Psst, stranger! Wanna buy a landscape company? How about this 5-year-old lawn care company in Orlando, Florida? Pick up this charmer for an amazingly low $49,000. Not bad for a one-man operation that notches a cool $71,000-plus annually. Want something more upscale, you say? How about a Colorado beauty going for a cool $599,000? Not bad for a company that churns out almost $1.2 million annually and shows a cash flow just north of $226,000. Get it before it’s gone!

OK, please forgive this silliness that’s used for effect only, although the two companies mentioned in the previous paragraph are real. They are among the hundreds of landscape, lawn care, tree care and related green industry businesses listed for sale online. Owners of larger firms generally employ business brokers to help with the sales process.

“Our market is real hot again. It’s a great, great time to be in the landscape services space again,” says industry consultant Judy Guido, chairwoman and founder of Guido & Associates. She mentions several big deals within the industry involving equity investors and the IPO launched in May 2016 by SiteOne, now being traded on the NYSE as SITE.

“You don’t get the best financial minds and the money pouring into a space unless there are big growth opportunities,” she says.

Regardless of the state of the economy, there are always owners of green industry service companies leaving the industry and looking to sell.

“Even during a recession, great companies will be in a position to either buy or be targeted to be bought,” Guido says.

Are you considering putting your business up for sale in the foreseeable future? If you are, keep reading. You will need this information.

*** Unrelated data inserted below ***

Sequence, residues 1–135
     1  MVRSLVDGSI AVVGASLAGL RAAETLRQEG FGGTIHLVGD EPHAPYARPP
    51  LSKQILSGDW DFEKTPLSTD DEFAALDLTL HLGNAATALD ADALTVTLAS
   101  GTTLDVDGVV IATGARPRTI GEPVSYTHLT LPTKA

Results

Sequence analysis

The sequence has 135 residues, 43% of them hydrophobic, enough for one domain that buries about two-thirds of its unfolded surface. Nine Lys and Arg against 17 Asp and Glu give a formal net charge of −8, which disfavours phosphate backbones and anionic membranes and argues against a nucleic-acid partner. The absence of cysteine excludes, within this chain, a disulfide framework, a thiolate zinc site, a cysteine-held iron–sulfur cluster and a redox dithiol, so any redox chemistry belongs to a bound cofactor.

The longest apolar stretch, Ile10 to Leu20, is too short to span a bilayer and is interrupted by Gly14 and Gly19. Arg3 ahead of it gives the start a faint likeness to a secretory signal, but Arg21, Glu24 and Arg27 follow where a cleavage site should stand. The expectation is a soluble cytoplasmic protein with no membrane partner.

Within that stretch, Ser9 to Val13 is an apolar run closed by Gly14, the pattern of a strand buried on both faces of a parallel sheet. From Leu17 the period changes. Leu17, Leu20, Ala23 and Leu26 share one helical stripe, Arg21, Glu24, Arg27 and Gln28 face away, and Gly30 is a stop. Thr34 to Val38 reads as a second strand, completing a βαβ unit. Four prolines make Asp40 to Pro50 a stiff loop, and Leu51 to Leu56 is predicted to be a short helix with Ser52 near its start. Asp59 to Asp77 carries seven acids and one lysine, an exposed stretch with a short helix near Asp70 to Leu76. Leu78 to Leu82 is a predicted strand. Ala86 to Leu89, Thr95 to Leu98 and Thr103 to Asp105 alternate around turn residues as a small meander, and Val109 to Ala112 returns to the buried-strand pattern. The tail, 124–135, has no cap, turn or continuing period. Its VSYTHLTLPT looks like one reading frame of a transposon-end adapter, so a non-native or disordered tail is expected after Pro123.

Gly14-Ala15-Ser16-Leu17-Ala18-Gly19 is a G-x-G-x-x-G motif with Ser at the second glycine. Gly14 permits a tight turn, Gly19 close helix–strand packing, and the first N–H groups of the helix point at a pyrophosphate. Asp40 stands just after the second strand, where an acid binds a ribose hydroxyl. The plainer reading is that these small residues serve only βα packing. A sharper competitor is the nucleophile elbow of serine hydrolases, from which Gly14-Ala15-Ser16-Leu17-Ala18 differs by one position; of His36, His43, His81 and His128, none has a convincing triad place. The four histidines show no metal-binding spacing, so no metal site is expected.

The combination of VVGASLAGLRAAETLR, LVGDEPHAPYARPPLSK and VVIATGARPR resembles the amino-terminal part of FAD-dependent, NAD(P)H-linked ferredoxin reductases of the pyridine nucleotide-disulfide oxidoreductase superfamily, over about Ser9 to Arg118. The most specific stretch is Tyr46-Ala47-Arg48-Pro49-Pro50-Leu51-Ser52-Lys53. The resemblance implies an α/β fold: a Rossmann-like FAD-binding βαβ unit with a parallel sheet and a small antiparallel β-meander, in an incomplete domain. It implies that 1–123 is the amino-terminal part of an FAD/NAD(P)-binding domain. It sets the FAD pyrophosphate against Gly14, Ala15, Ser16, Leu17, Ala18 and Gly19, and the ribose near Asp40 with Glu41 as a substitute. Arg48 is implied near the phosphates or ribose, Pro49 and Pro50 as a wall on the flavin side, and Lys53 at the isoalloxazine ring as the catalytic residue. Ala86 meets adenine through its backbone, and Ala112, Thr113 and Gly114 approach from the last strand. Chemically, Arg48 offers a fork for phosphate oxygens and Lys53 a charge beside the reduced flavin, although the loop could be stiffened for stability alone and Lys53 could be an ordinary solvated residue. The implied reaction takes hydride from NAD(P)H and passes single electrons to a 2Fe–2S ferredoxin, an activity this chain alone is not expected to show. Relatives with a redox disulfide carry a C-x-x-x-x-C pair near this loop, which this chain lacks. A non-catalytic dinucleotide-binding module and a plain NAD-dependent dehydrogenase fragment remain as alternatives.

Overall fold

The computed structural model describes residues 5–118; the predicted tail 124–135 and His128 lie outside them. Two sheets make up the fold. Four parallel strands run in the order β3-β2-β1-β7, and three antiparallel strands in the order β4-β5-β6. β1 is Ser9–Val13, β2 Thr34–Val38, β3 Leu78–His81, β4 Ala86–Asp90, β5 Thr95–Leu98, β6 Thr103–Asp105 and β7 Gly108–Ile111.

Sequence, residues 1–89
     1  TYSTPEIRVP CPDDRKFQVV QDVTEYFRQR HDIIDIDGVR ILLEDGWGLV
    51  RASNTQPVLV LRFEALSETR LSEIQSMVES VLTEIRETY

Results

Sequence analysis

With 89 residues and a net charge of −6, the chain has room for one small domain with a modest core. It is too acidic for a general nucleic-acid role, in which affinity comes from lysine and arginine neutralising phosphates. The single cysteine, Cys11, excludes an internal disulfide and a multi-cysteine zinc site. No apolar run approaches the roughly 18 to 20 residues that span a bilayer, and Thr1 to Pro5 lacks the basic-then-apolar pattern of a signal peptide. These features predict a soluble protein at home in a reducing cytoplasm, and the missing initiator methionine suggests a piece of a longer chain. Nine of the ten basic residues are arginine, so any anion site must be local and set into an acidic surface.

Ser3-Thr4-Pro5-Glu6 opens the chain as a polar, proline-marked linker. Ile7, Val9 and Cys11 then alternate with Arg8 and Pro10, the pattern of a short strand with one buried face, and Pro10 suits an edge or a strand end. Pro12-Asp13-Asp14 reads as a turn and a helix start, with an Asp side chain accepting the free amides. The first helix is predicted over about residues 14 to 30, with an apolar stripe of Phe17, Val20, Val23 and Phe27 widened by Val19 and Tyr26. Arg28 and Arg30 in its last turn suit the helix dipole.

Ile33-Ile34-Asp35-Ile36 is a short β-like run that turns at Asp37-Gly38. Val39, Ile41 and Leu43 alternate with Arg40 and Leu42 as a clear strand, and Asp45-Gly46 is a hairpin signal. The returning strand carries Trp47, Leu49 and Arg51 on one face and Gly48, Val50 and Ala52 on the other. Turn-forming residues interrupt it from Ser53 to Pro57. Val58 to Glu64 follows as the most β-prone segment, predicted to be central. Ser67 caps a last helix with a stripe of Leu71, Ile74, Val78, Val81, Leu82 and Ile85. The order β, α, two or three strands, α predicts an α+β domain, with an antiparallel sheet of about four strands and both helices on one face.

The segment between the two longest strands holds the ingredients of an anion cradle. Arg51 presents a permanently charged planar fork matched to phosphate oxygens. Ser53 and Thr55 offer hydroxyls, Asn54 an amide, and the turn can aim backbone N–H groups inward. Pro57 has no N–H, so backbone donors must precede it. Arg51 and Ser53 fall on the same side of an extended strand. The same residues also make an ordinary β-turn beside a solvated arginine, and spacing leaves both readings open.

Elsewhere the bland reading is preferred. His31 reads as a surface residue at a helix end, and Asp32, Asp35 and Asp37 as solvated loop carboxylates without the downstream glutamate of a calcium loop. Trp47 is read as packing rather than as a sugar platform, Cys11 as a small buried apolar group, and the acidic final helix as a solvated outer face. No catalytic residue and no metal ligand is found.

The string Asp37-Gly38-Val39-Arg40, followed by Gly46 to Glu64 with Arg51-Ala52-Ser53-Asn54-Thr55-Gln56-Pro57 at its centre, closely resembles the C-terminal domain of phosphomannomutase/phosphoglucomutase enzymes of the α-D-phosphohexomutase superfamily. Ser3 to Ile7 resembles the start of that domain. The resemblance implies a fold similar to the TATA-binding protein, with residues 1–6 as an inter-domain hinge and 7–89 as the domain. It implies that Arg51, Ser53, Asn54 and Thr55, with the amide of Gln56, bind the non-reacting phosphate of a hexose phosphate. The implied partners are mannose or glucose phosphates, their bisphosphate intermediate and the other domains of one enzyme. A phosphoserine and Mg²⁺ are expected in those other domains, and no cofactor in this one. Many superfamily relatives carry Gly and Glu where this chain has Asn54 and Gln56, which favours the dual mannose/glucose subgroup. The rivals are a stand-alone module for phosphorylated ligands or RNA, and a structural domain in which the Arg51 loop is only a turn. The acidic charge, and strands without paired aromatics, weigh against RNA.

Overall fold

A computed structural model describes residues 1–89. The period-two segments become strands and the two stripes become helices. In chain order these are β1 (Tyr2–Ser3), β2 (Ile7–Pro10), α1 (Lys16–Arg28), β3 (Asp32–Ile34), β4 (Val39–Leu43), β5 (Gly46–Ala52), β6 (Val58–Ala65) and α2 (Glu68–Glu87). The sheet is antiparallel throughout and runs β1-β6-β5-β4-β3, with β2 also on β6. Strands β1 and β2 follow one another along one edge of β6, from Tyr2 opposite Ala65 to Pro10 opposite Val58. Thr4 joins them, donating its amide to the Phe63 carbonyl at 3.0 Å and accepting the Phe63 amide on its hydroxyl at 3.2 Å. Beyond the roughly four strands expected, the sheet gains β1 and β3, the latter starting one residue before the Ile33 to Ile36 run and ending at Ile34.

Why are you seeking a buyer?

There are many reasons why you may list your business for sale, if not now, then in the future. This is almost a certainty if you don’t have a family member or an experienced manager ready to take over when it’s time for you to go.

Which of these reasons are causing you to consider getting out of the industry?

  • Frustration because you aren’t successful in building or operating your business to the level you want to.
  • Boredom and a loss of excitement.
  • Exhaustion and illness.
  • Divorce or other unexpected family issues.
  • Desire to start a new career or fulfill a life-long dream, such as travel, philanthropy, etc.

“What is the percentage of businesses that are listed for sale and never sell? Eighty percent,” said Peter J. Holton at the 2016 GIE+EXPO. The No. 1 reason a business doesn’t sell is also the most obvious reason — an incorrect price, says Holton.

Holton, managing director of Caber Hill Advisors, based in Chicago, this past spring guided the “partnership” between Sebert Landscaping and Kenosha Grounds Care, Pleasant Prairie, Wisconsin. Sebert boasts six locations in and around Chicago.

This particular transaction appeared to be a big win for both parties. It gave Sebert a strong presence in southeast Wisconsin, and also provided the owners of Kenosha Grounds Care the freedom to pursue new opportunities.

“Kenosha Grounds Care is an extremely well-run organization, which has a very loyal customer base developed over 26 years of putting the customers’ needs first. Our goal is to continue the legacy of what Rich and Jill Oscarson have created,” said Jeff Sebert, CEO of Sebert.

Added Rich Oscarson, president of Kenosha Grounds Care: “For a couple of years now, we have been looking for the right partner to build upon what our team has created. The vision and roadmap that Jeff laid out to me was exactly what we were looking for.”